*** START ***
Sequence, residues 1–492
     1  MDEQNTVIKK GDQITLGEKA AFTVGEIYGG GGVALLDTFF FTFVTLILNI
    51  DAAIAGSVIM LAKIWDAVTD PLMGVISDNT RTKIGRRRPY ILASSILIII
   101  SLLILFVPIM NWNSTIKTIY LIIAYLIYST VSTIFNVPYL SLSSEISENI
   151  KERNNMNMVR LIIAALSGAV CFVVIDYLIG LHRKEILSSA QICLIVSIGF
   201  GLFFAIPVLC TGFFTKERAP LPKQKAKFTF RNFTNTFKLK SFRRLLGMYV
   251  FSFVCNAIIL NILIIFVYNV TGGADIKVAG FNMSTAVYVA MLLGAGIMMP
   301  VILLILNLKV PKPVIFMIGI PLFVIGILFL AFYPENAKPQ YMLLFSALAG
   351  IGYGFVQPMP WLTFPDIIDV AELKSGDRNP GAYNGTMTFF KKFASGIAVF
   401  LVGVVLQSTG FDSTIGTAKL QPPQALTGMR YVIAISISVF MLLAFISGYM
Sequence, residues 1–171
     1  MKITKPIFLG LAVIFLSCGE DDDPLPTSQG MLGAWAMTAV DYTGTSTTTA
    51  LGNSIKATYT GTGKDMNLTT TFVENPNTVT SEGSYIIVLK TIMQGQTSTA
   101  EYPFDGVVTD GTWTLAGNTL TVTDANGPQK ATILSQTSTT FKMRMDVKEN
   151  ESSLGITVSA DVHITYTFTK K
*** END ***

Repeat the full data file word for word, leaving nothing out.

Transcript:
Sequence, residues 1–492
     1  MDEQNTVIKK GDQITLGEKA AFTVGEIYGG GGVALLDTFF FTFVTLILNI
    51  DAAIAGSVIM LAKIWDAVTD PLMGVISDNT RTKIGRRRPY ILASSILIII
   101  SLLILFVPIM NWNSTIKTIY LIIAYLIYST VSTIFNVPYL SLSSEISENI
   151  KERNNMNMVR LIIAALSGAV CFVVIDYLIG LHRKEILSSA QICLIVSIGF
   201  GLFFAIPVLC TGFFTKERAP LPKQKAKFTF RNFTNTFKLK SFRRLLGMYV
   251  FSFVCNAIIL NILIIFVYNV TGGADIKVAG FNMSTAVYVA MLLGAGIMMP
   301  VILLILNLKV PKPVIFMIGI PLFVIGILFL AFYPENAKPQ YMLLFSALAG
   351  IGYGFVQPMP WLTFPDIIDV AELKSGDRNP GAYNGTMTFF KKFASGIAVF
   401  LVGVVLQSTG FDSTIGTAKL QPPQALTGMR YVIAISISVF MLLAFISGYM
Sequence, residues 1–171
     1  MKITKPIFLG LAVIFLSCGE DDDPLPTSQG MLGAWAMTAV DYTGTSTTTA
    51  LGNSIKATYT GTGKDMNLTT TFVENPNTVT SEGSYIIVLK TIMQGQTSTA
   101  EYPFDGVVTD GTWTLAGNTL TVTDANGPQK ATILSQTSTT FKMRMDVKEN
   151  ESSLGITVSA DVHITYTFTK K